The changes in the galvanometer needle are observed and the sliding tap adjusted until the galvanometer shows zero deflection.

At that point, where the galvanometer didn’t draw any electric current from the unknown source, then, in this case, we can calculate the magnitude of voltage from the position of the sliding contact.

The null deflection method of measuring is very important in electrical physics because various devices are running on this principle. like – potentiometer, Wheatstone bridge, kelvin bridge, Carey foster bridge, etc.

WORKING PRINCIPLE

WORKING PRINCIPLE – The principle of a potentiometer is that the potential dropped across a segment of a wire of uniform cross-section area carrying a constant current is directly proportional to its length.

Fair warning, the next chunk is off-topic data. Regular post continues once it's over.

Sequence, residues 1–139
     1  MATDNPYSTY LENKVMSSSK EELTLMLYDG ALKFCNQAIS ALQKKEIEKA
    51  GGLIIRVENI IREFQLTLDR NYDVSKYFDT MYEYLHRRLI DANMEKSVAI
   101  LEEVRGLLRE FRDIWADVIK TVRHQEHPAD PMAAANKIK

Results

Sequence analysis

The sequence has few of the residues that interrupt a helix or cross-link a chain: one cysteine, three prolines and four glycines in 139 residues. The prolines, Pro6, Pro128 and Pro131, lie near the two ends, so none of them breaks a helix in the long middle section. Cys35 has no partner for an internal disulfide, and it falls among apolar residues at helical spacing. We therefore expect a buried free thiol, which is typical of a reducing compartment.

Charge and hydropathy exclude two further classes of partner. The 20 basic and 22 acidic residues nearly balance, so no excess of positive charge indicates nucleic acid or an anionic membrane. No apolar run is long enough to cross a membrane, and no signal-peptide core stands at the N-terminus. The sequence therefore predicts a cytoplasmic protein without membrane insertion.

There are various school or college students, who face problems in understanding the underlying working principle behind the potentiometer because they have no good or authentic source in which this concept is explained very well.

So today we will understand the working principle of the potentiometer from scratch.

The basic working principle of the potentiometer is quite simple. Let’s consider this circuit below:

Potentiometer class 12 | working principle, construction, theory and applications
Fig. 1

In the above circuit, suppose we have connected two cells in parallel, in which negative terminals of each cell are connected together and positive terminals of each cell are connected together through the galvanometer.

Now, here if the electric potential of each cell is exactly the same then there will be no current flowing through the galvanometer means the galvanometer show null deflection. This is on which the working principle of the potentiometer is based. So how it based on let’s see…